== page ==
“The 9th movie from Quentin Tarantino”, posters for this say. Tarantino, having retrospectively decided that Kill Bill constitutes only one movie, despite categorically assuring us, at the time of release, that it was two, and charging us all twice for the pleasure of seeing it.
Anyway, this debatable 9th movie represents something of a complete 180 degree turn for Tarantino when compared to his earliest work, particularly Reservoir Dogs and Pulp Fiction. At the beginning of his career, Tarantino won plaudits for crafting stories that, although told in non-linear form, gave the impression of fitting together perfectly. Despite the narrative-hopping, there’s a pleasing sense of wholeness to the conclusion of his earlier work that is acutely not present here. Perhaps Once Upon a Time in Hollywood stands as the epitome of his work these days. Not films made by Quentin Tarantino, but “Quentin Tarantino movies” that are made, almost by coincidence, by the man himself. It stands almost as a mirror to what might still be seen as his masterpiece Pulp Fiction (ignore Brad Pitt’s wincingly self-reflexive flourish at the end of Inglorious Basterds). Once Upon a Time in Hollywood seems to best represent what interests Tarantino in his middle age: the ever-present fascination with verbiage but now something amounting to a collection of moments. Moments that don’t mesh together in any meaningful, or particularly satisfying sense, but ones that are, nevertheless, enjoyable on their own merit.
Publicity would have you believe that these moments revolve around the mass murder of Sharon Tate and her friends by the so-called Manson Family acolytes. In reality, the bulk of the moments orbit around Leonardo DiCaprio’s faded leading man Rick Dalton along with his some-time stunt double and all-round fixer Cliff Booth played by Brad Pitt. Formerly the star of a wildly successful western television show Bounty Law, Dalton has found his offers gradually drying up. He ekes out a living doing walk-on spots on other people’s shows while contemplating a move to Italian Spaghetti Westerns, about the only concrete offer he seems to be getting in the Autumn of his career. Booth, meanwhile, tags along as Dalton’s gofer, chauffeuring him from gig to gig, getting drunk with him at evenings and similarly looking back on his own career, the best years of which are behind him, with a wistfulness.
Their collective meanderings seem to repeatedly lock orbits with the numerous young hippies that crop up on street corners and are introduced with a shrill sense of foreboding. Of course, we know that these hippies will turn out to be part of the infamous cult, but their inclusion seems, initially, coincidental. Tate (Margot Robbie), meanwhile, almost literally flits and floats through the movie and is glimpsed partying with other Hollywood dignitaries of the late 1960’s without ever feeling like she has a concrete part in what we were told would be her story.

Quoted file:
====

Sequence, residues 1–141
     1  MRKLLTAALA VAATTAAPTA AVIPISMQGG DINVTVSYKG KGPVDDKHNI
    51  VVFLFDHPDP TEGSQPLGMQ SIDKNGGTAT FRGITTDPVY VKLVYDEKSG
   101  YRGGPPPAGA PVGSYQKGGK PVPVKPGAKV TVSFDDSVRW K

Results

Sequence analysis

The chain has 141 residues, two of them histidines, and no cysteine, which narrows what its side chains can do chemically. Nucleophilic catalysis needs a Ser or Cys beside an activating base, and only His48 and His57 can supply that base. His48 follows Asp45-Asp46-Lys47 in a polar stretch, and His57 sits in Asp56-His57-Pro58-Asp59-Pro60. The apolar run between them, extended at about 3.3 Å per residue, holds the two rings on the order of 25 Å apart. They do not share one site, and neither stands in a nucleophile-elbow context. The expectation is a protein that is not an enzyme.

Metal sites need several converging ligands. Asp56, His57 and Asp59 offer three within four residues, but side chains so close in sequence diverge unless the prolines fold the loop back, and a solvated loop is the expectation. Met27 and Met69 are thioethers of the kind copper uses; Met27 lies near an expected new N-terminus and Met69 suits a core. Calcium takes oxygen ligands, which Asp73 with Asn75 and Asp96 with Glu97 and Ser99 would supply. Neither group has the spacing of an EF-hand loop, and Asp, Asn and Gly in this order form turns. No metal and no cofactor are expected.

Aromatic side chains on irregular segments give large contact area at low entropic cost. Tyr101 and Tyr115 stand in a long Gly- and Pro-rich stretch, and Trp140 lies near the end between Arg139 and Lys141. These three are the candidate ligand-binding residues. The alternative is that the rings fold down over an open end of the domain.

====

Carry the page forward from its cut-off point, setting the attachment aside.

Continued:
Assume you’re getting a straight home invasion movie or even anything that remotely resembles an examination of the Tate murders and you’ll be disappointed, or more likely relieved. Tarantino seems have welcomed the misconception which almost amounts to a bait-and-switch and has given us a movie that stands more as a requiem for old Hollywood. A Hollywood in 1969 right on the very cusp of the new, auteur-driven style of the 70’s. Sharon Tate and the Manson Family’s inclusion in any of it feels almost incidental to the point of irrelevance.
The end product is long, messy, unconventional and meandering, with a tone poem feel of nostalgia at times. It wavers between extended sequences of car driving accompanied by the noise of vintage radio adverts, to deep-dives into Rick Dalton’s on-set acting preparation, to rural scenes of outright horror that feel like they’ve been lifted from The Texas Chainsaw Massacre. It will unquestionably infuriate many who will view it as indulgent and without restraint, but I found it beguiling, amusing, occasionally maddening and often thrilling. Whole movements of the movie seem to have little to no connection with its other parts and yet these distinct little (sometimes rather long) moments add up to a whole that feels greater than its sum.
DiCaprio plays his washed-up star with a mixture of self-loathing, pomposity and righteous fury. An extended central scene on the set of cowboy TV show Lancer sees him expertly sink into self-doubt and panic before recovering his confidence in a rainbow of emotions featuring some genuinely superb hungover acting. If it amounts to little more than an inconsequential collage or the director’s notes on lost Hollywood as he listens to his record collection, then so be it.
By most reasonable standards of narrative storytelling it’s a mess, but it’s an entertaining mess. It’s also a lie, one which deliberately invites its audience to bask in its creator’s contagious fascination with entertainment and the myth of the town in the title.
Chris Banks |
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Comedy, Drama | USA, 2019 | 18 | 14th August 2019 (UK) | Sony Pictures Releasing UK | Dir.Quentin Tarantino | Leonardo DiCaprio, Brad Pitt, Margot Robbie, Al Pacino, Kurt Russell, Margaret Qualley